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Plans to extend LEA powers are misguided

Bob Doe's article on the Association of Metropolitan Authorities' discussion document relating to local management of schools (TES, November 11) reveals just how many councillors have never accepted the current local management regime. The document contains many worrying factors, of which the following are the most serious:

* the idea that LEAs should be the main arbiters of quality might be taken more seriously if they all had an exemplary track record in this area; * the proposal that heads should be directly accountable to education officers, and be prevented from being governors, in the interests of "accountability", does not hold water; * is it seriously suggested that chief executives, in both the private and public sectors, are not accountable to their boards because they sit on them, advise them and implement their decisions?

* the current system of fixing heads' and deputies' salaries may not be ideal, but the concept of LEAs determining their salaries will be viewed with real concern. Many LEAs have adopted negative attitudes to heads' and deputies' pay and have blatantly tried to hold it down; * a return to the 1986 Act provisions for headship appointments, and the introduction of power for LEAs to direct governors if LEA guidelines are not followed, would be a real step back into the past.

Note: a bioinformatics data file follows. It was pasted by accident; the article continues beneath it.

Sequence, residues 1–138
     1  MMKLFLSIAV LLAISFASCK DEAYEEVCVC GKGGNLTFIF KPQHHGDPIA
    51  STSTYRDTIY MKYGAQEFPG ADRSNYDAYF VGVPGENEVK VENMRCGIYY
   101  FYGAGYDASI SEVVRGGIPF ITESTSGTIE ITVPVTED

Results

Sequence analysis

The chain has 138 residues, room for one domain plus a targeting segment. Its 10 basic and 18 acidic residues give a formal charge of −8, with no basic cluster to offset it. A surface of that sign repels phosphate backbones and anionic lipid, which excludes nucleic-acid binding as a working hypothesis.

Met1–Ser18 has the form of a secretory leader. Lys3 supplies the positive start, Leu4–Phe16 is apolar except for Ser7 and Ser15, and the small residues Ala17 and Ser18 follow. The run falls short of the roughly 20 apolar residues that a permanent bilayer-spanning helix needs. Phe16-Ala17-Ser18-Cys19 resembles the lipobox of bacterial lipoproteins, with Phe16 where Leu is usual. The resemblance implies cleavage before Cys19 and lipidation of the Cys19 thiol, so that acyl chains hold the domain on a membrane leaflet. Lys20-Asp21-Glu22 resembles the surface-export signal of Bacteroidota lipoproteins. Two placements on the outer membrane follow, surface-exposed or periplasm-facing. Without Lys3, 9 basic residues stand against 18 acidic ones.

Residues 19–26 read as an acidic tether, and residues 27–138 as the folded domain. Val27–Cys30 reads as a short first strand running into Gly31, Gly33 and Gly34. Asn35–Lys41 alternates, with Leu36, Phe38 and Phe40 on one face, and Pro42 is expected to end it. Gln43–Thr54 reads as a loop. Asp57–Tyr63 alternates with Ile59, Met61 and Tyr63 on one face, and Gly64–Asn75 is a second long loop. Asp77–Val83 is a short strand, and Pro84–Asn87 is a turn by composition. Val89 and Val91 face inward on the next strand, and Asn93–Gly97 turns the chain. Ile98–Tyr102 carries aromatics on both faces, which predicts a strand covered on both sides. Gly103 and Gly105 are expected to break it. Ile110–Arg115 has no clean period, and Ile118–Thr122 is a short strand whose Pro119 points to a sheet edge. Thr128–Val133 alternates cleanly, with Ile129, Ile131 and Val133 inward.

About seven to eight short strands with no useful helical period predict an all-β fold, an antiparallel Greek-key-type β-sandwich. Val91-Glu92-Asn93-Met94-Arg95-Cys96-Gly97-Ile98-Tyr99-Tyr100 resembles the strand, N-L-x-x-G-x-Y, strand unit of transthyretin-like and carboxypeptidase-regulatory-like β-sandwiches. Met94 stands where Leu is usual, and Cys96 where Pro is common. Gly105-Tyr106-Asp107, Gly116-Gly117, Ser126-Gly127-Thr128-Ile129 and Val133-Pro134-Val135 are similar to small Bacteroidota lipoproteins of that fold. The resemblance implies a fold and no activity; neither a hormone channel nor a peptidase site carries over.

The AMA document is an obvious attempt to claw back powers which elected members never wished to lose in the first place. Obviously LMS needs to be improved (eg average pay v actual), and the balance between heads and governors should be changed, but the AMA is misguided in its approach. In the meantime, if this is the shape of things to come, the document's immediate impact will be to place a powerful weapon in the hands of those lobbying for grant-maintained status.


General secretary

National Association of Head Teachers

1 Heath Square

Boltro Road, Haywards Heath

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